5 surefire ways to repel volunteers
Tuesday, November 29, 2016
Convincing people to give their time and energy away for free isn't always an easy task. Once you do have them on the team, though, you definitely want to avoid actions that push them away.
Here are five things I've seen repel volunteers, along with a few simple ways to retain volunteers and help them grow as members of their local church.
1. Little, if any, preparation
Let's say Church ABC staff member gets 20 volunteers to show up Saturday morning for a church beautification project. When the volunteers arrive, however, he doesn't have a list of projects to complete or enough supplies for each.
An inefficient, wasted Saturday morning will frustrate even the most dedicated volunteer.
Instead, make sure you have all the paintbrushes, paint, gloves, shovels, mulch, water, snacks and other supplies needed for the day. Estimate how many people you need for each project, then divide up your volunteers into teams with one staff member or volunteer leader leading each group.
2. Relying on the same people for everything
It's tempting to always call on the same, super-reliable volunteers. The problem with that approach is two-fold: First, you’ll wear out those volunteers, and they’ll eventually stop serving. Two, you won’t get more volunteers engaged in ministry, which robs them of the opportunity to grow and your church the benefit of their perspective.
It requires a disciplined, consistent effort on your part to have one-on-one conversations and invite people to serve in ways that best align with their talent and personality. However, that effort will help you build a volunteer team large enough to ensure you’re not calling on the same people every time.
3. Lack of a big-picture "why"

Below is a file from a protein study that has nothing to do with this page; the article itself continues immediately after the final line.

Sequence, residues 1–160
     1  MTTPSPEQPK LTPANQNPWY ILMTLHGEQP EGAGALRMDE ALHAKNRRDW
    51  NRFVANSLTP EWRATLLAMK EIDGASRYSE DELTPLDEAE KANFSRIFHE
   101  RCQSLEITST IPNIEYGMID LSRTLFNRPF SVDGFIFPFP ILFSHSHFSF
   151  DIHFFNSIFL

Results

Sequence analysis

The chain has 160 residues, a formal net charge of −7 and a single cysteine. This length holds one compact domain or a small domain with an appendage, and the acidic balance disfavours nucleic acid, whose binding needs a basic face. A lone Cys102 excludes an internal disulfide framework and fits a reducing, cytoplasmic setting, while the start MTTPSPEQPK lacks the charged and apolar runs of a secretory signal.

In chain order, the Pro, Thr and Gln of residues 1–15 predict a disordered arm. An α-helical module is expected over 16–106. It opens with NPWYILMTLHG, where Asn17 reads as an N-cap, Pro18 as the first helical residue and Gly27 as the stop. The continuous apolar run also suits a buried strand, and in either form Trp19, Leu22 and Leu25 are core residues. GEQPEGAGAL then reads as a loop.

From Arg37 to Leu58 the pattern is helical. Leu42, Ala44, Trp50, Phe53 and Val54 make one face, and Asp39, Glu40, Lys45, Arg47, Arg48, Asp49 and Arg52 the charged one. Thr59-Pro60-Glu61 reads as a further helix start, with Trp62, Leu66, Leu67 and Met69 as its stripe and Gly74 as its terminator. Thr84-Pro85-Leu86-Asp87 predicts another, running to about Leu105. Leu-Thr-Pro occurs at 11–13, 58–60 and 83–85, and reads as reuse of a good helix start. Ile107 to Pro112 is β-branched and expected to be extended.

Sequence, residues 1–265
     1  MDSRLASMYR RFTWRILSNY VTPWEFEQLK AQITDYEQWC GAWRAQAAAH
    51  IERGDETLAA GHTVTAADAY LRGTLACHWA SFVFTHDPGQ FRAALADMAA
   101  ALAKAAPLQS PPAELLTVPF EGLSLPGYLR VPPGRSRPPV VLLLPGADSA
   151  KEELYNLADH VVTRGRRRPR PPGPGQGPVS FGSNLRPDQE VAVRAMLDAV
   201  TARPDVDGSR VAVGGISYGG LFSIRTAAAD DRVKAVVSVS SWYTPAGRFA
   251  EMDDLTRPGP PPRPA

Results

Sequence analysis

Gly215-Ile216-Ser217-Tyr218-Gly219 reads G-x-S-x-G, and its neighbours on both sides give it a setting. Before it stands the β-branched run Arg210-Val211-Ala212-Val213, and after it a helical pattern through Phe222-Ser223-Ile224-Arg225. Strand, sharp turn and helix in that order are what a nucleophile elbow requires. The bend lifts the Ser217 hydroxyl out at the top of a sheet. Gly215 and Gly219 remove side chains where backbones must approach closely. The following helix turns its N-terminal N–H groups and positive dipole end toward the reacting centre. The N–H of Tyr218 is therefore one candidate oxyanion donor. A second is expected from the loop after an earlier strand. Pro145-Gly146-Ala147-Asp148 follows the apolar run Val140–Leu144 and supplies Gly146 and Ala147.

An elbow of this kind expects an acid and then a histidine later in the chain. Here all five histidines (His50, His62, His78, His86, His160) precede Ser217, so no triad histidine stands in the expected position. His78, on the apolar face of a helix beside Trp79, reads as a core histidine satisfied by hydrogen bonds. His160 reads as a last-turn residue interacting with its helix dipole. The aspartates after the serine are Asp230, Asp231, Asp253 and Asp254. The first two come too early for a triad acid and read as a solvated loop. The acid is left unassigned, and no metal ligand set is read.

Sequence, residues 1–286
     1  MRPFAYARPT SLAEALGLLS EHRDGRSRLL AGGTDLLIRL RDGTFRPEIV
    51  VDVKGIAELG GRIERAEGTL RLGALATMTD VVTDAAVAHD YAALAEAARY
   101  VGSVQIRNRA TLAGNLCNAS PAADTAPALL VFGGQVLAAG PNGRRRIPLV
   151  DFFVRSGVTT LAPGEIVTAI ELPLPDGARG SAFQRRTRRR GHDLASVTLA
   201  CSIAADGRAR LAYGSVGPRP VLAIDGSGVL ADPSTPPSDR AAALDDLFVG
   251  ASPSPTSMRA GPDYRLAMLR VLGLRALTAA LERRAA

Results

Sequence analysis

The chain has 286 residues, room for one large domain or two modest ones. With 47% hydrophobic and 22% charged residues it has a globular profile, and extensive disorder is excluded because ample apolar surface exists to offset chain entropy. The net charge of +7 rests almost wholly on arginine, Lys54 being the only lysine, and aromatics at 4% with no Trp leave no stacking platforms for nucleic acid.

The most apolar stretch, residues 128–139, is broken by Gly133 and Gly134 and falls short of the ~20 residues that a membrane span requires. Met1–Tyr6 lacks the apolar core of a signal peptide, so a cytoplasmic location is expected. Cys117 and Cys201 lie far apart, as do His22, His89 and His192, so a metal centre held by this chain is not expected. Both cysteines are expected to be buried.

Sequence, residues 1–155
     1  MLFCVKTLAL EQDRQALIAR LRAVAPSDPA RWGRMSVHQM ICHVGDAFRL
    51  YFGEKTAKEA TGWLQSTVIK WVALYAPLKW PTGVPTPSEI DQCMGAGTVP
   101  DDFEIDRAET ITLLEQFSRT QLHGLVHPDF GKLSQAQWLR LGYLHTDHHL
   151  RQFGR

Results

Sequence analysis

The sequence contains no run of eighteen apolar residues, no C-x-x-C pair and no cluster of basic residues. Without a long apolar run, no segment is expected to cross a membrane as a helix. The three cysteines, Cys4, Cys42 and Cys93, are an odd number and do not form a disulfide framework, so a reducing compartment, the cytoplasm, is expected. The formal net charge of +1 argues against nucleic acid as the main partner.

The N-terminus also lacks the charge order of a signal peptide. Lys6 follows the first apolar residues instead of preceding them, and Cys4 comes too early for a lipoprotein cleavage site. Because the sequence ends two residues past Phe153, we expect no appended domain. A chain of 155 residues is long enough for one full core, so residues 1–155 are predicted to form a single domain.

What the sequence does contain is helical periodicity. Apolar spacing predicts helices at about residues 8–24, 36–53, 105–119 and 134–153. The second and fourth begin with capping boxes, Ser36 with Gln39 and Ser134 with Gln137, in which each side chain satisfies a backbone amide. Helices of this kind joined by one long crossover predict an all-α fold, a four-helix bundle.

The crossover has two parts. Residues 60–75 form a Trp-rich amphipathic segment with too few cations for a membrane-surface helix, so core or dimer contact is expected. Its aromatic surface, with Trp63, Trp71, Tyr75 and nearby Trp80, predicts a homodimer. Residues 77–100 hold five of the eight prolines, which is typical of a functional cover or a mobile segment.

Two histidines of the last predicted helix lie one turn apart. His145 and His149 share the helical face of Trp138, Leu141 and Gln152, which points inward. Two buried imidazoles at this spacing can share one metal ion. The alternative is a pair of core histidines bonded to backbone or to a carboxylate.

Personally, I think God hardwired each of us to crave purpose. Jesus set out a huge vision for His disciples when he told them to "go therefore and make disciples of all the nations ..." in Matthew 28:19. He communicated why telling people about Him was important throughout His ministry.
Volunteers want to know why what you've asked them to do is important. Even seemingly ordinary tasks like serving coffee or restocking tithe envelopes in the sanctuary are connected to the bigger picture. Connect those dots for your volunteers and help them understand how they're contributing to the vision of their church.
4. Not leveraging their skills
We should all be willing to roll up our sleeves and do whatever tasks are needed to reach people for the Gospel. At the same time, it doesn’t make sense to not leverage the talents God has entrusted to your volunteers.
If you have a volunteer who's a doctor, then why not ask her to be put on a list of people to contact if there's a medical need during service? If a volunteer works in human resources, you might ask him to review your staff policy manual.
Tap into the skills and talents of your volunteers.
5. Lack of growth opportunities
Talk with volunteers periodically and find out if they're interested in taking on a different role. If you see leadership potential in a volunteer, give that person responsibility for a small team or project and see how he handles it.
Give volunteers a chance to take on aspects of ministry without a staff member directing their every move. Sure, it's wise to provide direction and check in with them, but give them room to grow.
Not all volunteers will want this opportunity, but others may get bored without it. Find out who's who and adjust accordingly.
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